|Part of the Hippie movement|
|Date||January 14, 1967|
|Location||San Francisco, United States|
|Participants||Possibly 20,000–30,000 people|
|Outcome||Inspiration for the Summer of Love|
The Human Be-In was an event held in San Francisco's Golden Gate Park Polo Fields on January 14, 1967. It was a prelude to San Francisco's Summer of Love, which made the Haight-Ashbury district a symbol of American counterculture and introduced the word "psychedelic" to suburbia.
The Human Be-In focused the key ideas of the 1960s counterculture: personal empowerment, cultural and political decentralization, communal living, ecological awareness, higher consciousness (with the aid of psychedelic drugs), acceptance of illicit psychedelics use, and radical New Left political consciousness. The hippie movement developed out of disaffected student communities around San Francisco State University, City College and Berkeley and in San Francisco's beat generation poets and jazz hipsters, who also combined a search for intuitive spontaneity with a rejection of "middle-class morality". Allen Ginsberg personified the transition between the beat and hippie generations.
See also: Love Pageant Rally
The Human Be-In took its name from a chance remark by the artist Michael Bowen made at the Love Pageant Rally. The playful name combined humanist values with the scores of sit-ins that had been reforming college and university practices and eroding the vestiges of entrenched segregation, starting with the lunch counter sit-ins of 1960 in Greensboro, North Carolina, and Nashville, Tennessee. The first major teach-in had been organized by Students for a Democratic Society at the University of Michigan, 24–25 March 1965.
The Human Be-In was announced on the cover of the fifth issue of the San Francisco Oracle as "A Gathering of the Tribes for a Human Be-In". The occasion was a new California law banning the use of the psychedelic drug LSD that had come into effect on October 6, 1966. The speakers at the rally were all invited by Bowen, the main organizer. They included Timothy Leary in his first San Francisco appearance, who set the tone that afternoon with his famous phrase "Turn on, tune in, drop out" and Richard Alpert (soon to be known as "Ram Dass"), and poets like Allen Ginsberg, who chanted mantras, Gary Snyder and Michael McClure. Other counterculture gurus included comedian Dick Gregory, Lenore Kandel, Lawrence Ferlinghetti, Jerry Rubin, and Alan Watts. Music was provided by a host of local rock bands including Jefferson Airplane, Grateful Dead, Big Brother and the Holding Company, Quicksilver Messenger Service, and Blue Cheer, most of whom had been staples of the Fillmore and the Avalon Ballroom.: 186–191 "Underground chemist" Owsley Stanley provided massive amounts of his "White Lightning" LSD, specially produced for the event, as well as 75 twenty-pound (9 kg) turkeys, for free distribution by the Diggers.: 267 [a]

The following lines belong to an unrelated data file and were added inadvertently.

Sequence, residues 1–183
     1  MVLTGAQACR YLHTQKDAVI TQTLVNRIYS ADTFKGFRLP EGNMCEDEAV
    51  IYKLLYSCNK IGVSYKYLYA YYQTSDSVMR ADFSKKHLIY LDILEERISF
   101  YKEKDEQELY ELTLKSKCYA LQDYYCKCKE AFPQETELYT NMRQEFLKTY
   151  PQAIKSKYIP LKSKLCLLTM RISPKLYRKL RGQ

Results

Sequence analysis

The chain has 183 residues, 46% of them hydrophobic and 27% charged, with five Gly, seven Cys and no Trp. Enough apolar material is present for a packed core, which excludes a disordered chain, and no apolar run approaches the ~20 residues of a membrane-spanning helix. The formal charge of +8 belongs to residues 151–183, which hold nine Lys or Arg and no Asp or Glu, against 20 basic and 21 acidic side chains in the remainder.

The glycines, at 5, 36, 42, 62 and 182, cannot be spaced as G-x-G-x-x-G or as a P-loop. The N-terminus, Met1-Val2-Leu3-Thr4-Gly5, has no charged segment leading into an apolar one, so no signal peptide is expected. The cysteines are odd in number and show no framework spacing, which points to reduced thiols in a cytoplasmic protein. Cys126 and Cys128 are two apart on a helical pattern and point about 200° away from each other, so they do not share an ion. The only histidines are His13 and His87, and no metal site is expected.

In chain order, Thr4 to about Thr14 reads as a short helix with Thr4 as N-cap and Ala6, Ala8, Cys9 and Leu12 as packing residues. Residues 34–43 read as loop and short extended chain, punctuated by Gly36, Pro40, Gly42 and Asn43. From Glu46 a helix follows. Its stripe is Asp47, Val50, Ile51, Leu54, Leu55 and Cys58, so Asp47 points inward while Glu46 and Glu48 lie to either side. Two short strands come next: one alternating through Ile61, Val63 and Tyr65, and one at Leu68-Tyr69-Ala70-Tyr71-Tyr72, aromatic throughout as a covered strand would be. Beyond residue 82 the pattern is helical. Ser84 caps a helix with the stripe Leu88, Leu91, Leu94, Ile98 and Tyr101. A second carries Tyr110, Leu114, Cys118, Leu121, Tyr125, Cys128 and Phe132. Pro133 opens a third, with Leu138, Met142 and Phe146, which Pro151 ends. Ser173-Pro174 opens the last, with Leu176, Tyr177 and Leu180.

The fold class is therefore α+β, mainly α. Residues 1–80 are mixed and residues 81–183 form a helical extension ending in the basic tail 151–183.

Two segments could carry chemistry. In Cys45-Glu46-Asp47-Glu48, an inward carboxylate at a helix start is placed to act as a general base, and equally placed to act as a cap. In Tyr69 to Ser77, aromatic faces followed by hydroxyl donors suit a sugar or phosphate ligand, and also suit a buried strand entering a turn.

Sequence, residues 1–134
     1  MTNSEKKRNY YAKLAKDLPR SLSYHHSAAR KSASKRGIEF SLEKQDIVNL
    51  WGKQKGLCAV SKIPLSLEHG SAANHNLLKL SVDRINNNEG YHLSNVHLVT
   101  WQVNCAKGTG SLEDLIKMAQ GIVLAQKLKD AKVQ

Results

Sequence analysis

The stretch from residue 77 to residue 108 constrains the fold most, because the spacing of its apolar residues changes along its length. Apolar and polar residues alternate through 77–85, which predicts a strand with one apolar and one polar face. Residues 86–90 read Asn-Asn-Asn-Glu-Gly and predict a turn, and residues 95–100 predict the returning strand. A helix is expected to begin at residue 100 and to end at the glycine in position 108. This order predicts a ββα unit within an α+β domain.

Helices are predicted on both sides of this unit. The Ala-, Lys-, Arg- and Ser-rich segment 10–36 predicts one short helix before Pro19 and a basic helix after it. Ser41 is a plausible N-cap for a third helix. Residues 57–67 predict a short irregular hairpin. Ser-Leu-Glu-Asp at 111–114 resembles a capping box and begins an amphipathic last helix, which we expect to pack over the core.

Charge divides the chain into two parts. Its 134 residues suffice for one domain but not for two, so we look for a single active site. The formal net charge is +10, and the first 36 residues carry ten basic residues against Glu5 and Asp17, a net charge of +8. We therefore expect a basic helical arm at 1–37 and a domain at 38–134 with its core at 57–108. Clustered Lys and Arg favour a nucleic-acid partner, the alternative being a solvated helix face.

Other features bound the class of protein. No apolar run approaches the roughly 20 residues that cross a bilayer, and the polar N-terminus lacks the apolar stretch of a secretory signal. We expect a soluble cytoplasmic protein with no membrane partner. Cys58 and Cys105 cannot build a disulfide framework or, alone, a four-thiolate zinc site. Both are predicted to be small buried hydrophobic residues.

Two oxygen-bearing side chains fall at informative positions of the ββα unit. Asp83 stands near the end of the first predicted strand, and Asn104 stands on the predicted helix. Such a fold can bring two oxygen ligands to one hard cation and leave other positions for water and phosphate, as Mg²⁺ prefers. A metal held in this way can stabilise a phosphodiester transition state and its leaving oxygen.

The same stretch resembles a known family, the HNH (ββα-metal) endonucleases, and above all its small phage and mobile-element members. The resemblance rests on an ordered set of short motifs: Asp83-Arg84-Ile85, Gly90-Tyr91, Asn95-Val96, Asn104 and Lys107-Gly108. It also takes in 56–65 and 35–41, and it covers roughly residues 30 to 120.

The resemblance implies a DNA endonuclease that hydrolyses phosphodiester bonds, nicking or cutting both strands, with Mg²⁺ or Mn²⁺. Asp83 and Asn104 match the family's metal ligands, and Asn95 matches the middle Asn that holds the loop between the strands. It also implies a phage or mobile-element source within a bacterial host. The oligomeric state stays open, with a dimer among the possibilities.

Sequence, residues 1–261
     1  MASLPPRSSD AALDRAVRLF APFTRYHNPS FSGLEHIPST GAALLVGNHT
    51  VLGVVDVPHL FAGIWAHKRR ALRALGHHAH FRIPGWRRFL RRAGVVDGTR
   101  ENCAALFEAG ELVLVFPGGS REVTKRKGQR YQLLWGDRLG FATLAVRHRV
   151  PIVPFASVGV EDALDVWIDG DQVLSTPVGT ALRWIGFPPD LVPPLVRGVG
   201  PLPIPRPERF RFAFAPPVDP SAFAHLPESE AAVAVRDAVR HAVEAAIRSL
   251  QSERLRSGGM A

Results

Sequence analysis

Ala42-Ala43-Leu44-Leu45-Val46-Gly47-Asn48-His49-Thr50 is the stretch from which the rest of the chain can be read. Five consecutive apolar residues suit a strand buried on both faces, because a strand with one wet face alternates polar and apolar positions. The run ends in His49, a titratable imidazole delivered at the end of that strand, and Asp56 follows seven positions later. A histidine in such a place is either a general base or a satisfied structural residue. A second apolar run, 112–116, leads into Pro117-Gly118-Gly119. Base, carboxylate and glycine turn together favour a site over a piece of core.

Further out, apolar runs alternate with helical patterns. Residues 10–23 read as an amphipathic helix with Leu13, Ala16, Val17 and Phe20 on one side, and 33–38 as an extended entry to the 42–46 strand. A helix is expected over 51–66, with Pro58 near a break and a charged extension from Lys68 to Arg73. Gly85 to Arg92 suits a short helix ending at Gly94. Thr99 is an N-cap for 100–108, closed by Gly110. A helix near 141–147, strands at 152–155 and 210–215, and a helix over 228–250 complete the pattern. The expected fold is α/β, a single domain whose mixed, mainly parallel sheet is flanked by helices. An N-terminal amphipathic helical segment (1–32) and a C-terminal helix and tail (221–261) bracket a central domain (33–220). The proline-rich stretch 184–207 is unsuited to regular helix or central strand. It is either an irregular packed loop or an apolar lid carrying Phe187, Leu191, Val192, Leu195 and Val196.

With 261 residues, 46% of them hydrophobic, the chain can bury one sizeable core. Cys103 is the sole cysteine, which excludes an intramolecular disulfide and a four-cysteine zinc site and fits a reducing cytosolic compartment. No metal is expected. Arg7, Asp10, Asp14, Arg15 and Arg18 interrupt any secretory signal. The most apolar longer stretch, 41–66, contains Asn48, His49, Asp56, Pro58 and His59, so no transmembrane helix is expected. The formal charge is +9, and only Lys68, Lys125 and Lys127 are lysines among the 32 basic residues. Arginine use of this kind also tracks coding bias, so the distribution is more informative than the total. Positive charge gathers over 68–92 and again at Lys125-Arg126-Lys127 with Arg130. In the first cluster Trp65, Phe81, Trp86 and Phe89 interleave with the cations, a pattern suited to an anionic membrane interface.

The national media were stunned, publicity about this event leading to the mass movement of young people from all over America to descend on the Haight-Ashbury area. Reports were unable to agree whether 20,000 or 30,000 people showed up at the Be-In.: 188 Soon every gathering was an "-In" of some kind: Just four weeks later was Bob Fass's Human Fly-In, then the Love-In (March 26, 1967 at Elysian Park, Los Angeles), the Emmett Grogan inspired Sweep-In, Rowan and Martin's Laugh-In comedy television show began airing over NBC just a year later on January 22, 1968. This was followed by the first "Yip-In" (March 21, 1968, at Grand Central Terminal), another "Love-In" (April 14, 1968, at Malibu Canyon) and, John Lennon and Yoko Ono's "Bed-In" (March 25, 1969, in Amsterdam).
The Human Be-In was organized mainly by Bowen with the assistance of poet Allen Cohen in the organizational work. The idea of the Human Be-In was born of a fear that the movement would be erased due to tensions between factions of the Hippie movement. Bowen writes "The anti-war and free speech movement in Berkeley thought the Hippies were too disengaged and spaced out. Their influence might draw the young away from resistance to the war. The Hippies thought the anti-war movement was doomed to endless confrontations with the establishment which would recoil with violence and fascism". They decided to thus create 'A Gathering of the Tribes', as the event was advertised on posters later on. This event would use musical performences, group meditation and chanting sessions, political rallies, and speeches to inspire all the factions that they had all joined this movement because they had the same beliefs: peace, love for one another, and freedom. This would be the first moment of true unification within the Hippie Movement in its history.
The counterculture that surfaced at the "Human Be-In" encouraged people to "question authority" with regard to civil rights, women's rights, and consumer rights. Underground newspapers and radio stations served as its alternative media.[b]
A Human Be-In was put on in Denver, Colorado in July 1967 by Chet Helms and Barry Fey to harness the energy of the famed San Francisco event that occurred in January and promote their new Family Dog Productions venue, The Family Dog Denver. The event attracted 5,000 people and featured performances by Grateful Dead, Odetta and Captain Beefheart. Timothy Leary and Ken Kesey were said to have also been in attendance.
A "Digital Be-In" has been produced in San Francisco since 1989.
A UK theatre company, Theatre 14167, (also 14167 films) takes its name from the date of the Be-In; the company subsequently produced work by Michael McClure, who read at the event.
((cite web)): CS1 maint: bot: original URL status unknown (link)